George Ritzer and the McDonaldization of Society: Definition and Principles

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  • 0:05 George Ritzer and…
  • 1:08 Rationalization of Society
  • 2:16 Principles of McDonaldization
  • 6:43 Lesson Summary
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Lesson Transcript
Instructor: Erin Long-Crowell

Erin has an M.Ed in adult education and a BS in psychology and a BS in management systems.

George Ritzer authored 'The McDonaldization of Society' in 1993, and it remains one of the bestselling sociology books of all time. In this lesson, we discuss his concept of McDonaldization and the four main characteristics of McDonaldization that he describes.

Note: For the purposes of this video, the instructor is using the American pronunciation of Max Weber's name.

George Ritzer and McDonaldization

In our modern society, trends and technology become such a large part of everyday life that people start to use them as verbs and adjectives. For example, when's the last time you 'Googled' something, 'blogged' about a recent trip, or saw that a new game had been 'Facebookized?' George Ritzer basically did the same thing with the fast food restaurant McDonald's in his best-selling book, The McDonaldization of Society. He defines McDonaldization as the process by which principles of fast food restaurants have come to dominate virtually every aspect of society.

McDonald's and other fast-food restaurants offer an alternative to labor-intensive, home-cooked meals that have been attractive to busy families since the 1950s. Two of their most appealing qualities are convenience and affordability. These qualities and similar principles are becoming increasingly important in all aspects of our modern society.

Rationalization of Society

The building block of McDonaldization is Max Weber's concept of rationalization, which is the process of replacing traditional and emotional thought with reason and efficiency. Weber believed that most societies throughout history were governed by tradition and that the most significant trend in modern sociology is an increasing rationalization of every part of our daily lives. He also believed that rationalization would continue until our society would become an iron cage, dehumanizing everyone and creating an extreme level of uniformity.

Likewise, Ritzer uses McDonald's as a metaphor for the over-rationalization of society. The popularity of the restaurant itself is a perfect example of rationalization because traditional, home-cooked family meals have been replaced with meals of practicality and convenience. Continued rationalization has led to sectors beyond the fast food industry becoming increasingly uniform and automated.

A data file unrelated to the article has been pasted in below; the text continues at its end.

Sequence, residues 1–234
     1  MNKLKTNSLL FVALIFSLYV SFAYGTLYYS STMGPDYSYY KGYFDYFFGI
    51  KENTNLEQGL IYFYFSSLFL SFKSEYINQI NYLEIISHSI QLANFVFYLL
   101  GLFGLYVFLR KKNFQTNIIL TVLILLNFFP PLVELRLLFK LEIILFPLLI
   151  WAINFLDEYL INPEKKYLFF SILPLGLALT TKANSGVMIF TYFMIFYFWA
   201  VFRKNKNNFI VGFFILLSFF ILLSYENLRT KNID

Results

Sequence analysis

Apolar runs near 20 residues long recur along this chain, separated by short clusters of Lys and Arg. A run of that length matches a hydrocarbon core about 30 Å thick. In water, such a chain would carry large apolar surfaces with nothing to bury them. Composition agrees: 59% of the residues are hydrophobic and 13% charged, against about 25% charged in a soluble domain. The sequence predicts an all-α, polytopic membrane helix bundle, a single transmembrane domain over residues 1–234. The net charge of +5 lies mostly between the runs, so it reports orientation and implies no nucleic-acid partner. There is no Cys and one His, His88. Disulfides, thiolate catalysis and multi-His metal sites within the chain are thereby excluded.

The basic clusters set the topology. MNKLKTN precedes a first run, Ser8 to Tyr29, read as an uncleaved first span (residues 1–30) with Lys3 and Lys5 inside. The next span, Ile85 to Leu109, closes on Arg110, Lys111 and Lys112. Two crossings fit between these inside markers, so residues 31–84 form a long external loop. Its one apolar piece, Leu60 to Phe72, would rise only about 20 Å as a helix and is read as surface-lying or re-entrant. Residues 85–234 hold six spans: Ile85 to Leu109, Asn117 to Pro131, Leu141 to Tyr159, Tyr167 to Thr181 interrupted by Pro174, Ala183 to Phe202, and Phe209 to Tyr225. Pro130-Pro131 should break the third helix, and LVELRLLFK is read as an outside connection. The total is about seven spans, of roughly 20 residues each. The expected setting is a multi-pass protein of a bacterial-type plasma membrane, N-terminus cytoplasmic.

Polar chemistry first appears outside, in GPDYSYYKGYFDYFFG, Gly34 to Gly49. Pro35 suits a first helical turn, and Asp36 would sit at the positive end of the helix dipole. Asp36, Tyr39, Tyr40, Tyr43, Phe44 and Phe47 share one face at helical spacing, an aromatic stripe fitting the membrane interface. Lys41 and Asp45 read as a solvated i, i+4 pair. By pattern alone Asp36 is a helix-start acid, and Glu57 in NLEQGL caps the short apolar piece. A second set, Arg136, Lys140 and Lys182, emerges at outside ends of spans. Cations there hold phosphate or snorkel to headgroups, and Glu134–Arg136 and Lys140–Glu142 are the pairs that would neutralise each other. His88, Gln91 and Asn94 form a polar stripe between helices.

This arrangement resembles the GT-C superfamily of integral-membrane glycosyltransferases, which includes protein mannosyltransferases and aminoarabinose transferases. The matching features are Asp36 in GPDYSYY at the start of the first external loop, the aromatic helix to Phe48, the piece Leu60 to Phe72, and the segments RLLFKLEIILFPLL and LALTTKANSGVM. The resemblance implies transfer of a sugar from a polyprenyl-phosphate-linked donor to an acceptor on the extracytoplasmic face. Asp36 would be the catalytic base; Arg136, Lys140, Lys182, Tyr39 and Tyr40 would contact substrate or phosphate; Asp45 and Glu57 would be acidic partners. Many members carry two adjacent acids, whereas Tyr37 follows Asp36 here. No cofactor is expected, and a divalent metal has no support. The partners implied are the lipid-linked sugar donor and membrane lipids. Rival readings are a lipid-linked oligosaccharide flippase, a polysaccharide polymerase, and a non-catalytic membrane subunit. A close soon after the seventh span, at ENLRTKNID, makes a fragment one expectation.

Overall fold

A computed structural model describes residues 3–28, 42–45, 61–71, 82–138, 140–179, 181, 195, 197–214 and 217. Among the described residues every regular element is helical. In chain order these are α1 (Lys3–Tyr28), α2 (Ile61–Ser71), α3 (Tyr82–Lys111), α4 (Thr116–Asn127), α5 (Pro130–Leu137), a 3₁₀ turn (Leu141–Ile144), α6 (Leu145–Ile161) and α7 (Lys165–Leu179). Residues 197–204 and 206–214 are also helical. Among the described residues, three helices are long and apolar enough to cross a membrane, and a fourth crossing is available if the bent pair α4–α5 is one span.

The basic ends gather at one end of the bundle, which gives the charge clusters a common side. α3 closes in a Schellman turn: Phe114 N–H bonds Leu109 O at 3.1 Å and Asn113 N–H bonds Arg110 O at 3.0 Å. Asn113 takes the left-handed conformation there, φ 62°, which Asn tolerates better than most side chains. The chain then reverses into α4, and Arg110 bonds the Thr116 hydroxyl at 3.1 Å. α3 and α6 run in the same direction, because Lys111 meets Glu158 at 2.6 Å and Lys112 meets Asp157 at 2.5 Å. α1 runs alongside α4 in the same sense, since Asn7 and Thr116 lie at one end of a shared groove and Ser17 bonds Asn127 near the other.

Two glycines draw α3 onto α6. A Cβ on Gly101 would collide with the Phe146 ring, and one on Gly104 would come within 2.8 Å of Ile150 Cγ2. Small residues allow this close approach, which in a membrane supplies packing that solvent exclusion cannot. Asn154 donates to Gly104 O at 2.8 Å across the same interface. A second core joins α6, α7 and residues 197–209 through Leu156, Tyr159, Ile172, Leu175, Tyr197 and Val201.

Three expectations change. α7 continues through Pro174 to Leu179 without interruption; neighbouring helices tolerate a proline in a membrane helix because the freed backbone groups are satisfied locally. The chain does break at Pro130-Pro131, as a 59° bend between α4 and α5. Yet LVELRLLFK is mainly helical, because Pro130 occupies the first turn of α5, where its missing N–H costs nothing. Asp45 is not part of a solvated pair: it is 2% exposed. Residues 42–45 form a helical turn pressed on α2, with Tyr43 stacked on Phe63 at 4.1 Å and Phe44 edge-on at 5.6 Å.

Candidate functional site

Principles of McDonaldization

Ritzer identifies four main principles of McDonaldization: predictability, calculability, efficiency, and control. These are all characteristics of McDonald's and other fast-food restaurants. However, they continue to be characteristics of other changing industries, such as shopping districts, education, healthcare, and more. Let's look at an example of each principle.


First is predictability. Customers of McDonald's can predict the food menu: you'll find the same Big Mac in California as you would in New York. The building, the decorations, and the uniforms are also usually the same. Likewise, other industries are becoming increasingly predictable.

Most of the shopping malls across the country have the same stores. Popular fiction is 'rebooted' over and over again in all kinds of media. Many popular websites even have the same basic layout. Consumers seem to love predictability. They like knowing what to expect and what to do in any situation.


The second principle of McDonaldization is calculability, which can be seen at McDonald's in several ways. First, there's an emphasis on quantity over quality. The size and weight of a burger that you buy are the same as the size and weight of a burger someone else buys - and the bigger, the better. Second, the cost of that burger is a big selling point. The appeal of low prices is obvious in their Dollar Menu.

Third, speed is also considered extremely important and sometimes comes at the cost of quality. Likewise, quantity is increasingly important everywhere you go. Consumers often use price and number of items sold to gauge the appeal of business. Many stores are now open 24 hours a day in order to stay competitive. They also continue to offer holiday merchandise earlier and earlier, giving consumers additional quantity of both time and purchasing options.

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